WASHINGTON - I'm sure President Bush is thinking hard about a strategy for the United States to honorably pull out of Iraq. It's just that he chooses not to share it with the rest of us.
If anything is making more sense at this point, it is the George D. Aiken option: Declare victory and come home. That's exactly what the Vermont Republican senator suggested to Presidents Lyndon B. Johnson and Richard M. Nixon as Americans sank deeper into Vietnam's quicksand.
But Mr. Bush, in his recent speeches to pump up his sagging approval ratings, gives us bromides instead, such as, "We're going to stay until we get the job done," which also raises the questions, what is "the job" and what is "done"?
In a recent Newsweek poll that showed a 61 percent disapproval rating for Mr. Bush's handling of the Iraq war, only 26 percent agreed with his wish to keep American troops there for "as long as it takes." The question, then, is not whether to leave but when and how? Leaving too soon would be a dishonorable abandonment of our good-faith commitment to the Iraqi people. Staying too long, however, could make bad matters worse.
A new reality appears to be sinking in among all but the president's most devoted followers: Our mission has changed. Can we make it better?
Or have we done about all we can do? After spending $300 billion and losing more than 1,850 American troops, among thousands of other lost lives, has the American presence become an impediment to the process it is trying to shepherd through?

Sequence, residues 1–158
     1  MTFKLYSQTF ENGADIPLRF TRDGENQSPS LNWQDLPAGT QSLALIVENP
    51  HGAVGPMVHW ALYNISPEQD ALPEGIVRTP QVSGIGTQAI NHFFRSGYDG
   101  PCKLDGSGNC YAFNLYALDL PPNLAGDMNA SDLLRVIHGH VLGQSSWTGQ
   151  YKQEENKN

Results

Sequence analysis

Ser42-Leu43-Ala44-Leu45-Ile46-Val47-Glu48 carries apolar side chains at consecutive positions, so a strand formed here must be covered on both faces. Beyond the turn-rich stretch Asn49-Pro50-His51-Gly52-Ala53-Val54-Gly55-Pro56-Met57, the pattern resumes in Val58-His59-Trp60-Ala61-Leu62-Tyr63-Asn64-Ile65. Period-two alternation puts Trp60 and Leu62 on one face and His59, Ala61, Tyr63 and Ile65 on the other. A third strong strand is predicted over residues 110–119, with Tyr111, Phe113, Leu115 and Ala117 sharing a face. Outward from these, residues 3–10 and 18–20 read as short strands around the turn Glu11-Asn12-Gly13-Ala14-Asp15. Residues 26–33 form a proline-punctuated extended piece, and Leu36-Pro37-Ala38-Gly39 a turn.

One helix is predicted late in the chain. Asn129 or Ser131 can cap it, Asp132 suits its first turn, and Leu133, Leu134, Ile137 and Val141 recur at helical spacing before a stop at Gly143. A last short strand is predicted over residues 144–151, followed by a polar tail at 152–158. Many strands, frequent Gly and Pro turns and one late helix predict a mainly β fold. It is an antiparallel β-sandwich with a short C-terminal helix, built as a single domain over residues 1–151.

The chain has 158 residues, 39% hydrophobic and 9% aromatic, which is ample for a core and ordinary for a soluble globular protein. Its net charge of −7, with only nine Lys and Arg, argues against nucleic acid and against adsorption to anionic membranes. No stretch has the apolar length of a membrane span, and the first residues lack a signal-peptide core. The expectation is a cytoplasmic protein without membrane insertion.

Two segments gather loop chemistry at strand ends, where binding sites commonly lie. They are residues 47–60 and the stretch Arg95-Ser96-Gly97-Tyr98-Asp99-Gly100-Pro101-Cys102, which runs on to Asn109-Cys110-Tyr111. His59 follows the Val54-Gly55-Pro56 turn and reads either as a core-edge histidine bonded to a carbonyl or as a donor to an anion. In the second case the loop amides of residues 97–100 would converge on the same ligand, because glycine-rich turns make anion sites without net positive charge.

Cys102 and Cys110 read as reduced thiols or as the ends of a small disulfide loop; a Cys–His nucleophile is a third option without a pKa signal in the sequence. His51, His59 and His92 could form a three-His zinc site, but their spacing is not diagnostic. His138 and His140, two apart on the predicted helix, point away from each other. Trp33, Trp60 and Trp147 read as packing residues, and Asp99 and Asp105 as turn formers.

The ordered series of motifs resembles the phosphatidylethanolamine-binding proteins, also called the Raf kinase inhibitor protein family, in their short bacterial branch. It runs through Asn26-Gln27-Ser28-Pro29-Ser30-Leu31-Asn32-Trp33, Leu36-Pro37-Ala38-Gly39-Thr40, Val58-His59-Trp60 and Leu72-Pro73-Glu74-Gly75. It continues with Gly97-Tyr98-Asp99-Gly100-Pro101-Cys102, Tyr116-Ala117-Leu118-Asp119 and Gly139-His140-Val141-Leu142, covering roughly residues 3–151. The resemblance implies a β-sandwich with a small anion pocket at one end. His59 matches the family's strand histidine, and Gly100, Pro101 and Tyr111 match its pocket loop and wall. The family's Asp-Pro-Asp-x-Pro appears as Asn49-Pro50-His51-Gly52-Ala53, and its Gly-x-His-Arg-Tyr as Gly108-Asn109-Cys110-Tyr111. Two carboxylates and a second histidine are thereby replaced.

Mr. Bush's recent speeches inaccurately cast the war as an us-vs.-them battle with terrorists. In fact, the United States increasingly looks like an outside force caught in the crossfire of a developing civil war between multiple Iraqi factions, principally the old Baath Party and the ethnic factions of Kurds, Shiites and Sunni Muslims.
Everyone agrees that Iraqis need to figure out their own future, for better or worse. But our experience there suggests that our well-intentioned efforts to keep Iraq united and give equal importance to the interests of Sunnis, Shiites and Kurds actually has encouraged those factions to make even bigger demands on us and the nation-building process.
Mr. Bush refuses to announce a timetable for U.S. troop withdrawal, but his administration has imposed a timetable on Iraqis, pushing them to set up a new constitutional government and security forces that, one hopes, will accelerate the day when Americans can begin an honorable troop withdrawal.
Mr. Bush's references to this country's constitutional process leave out the harsh reality that the process eventually had to be settled by our own Civil War. It is hard to imagine any outside power that could have helped our Founding Fathers prevent that catastrophe.
Democratic Sen. Russell D. Feingold of Wisconsin is the first senator to call for a specific pullout deadline, defying the Democratic leadership. His date, Dec. 31, 2006, for all troops to be withdrawn from Iraq is only a "target," not a "deadline," he pointed out, and can be pushed back if circumstances require it.
At least it would put pressure on the Iraqis to work out their disputes while giving Americans an achievable exit strategy.
But whether Team Bush or Congress goes for a Feingold-style timetable, the White House is facing a very real timetable in terms of next year's midterm elections and, two years after that, the 2008 presidential campaign.
Nervousness among incumbent congressmen of both parties is one reason why Mr. Bush has taken to the road in recent days, if only to resell the war with warmed-over bromides. To a lot of Americans, the Aiken strategy is looking better every day.
Clarence Page is a columnist for the Chicago Tribune, a Tribune Publishing newspaper. His column appears Tuesdays and Fridays in The Sun.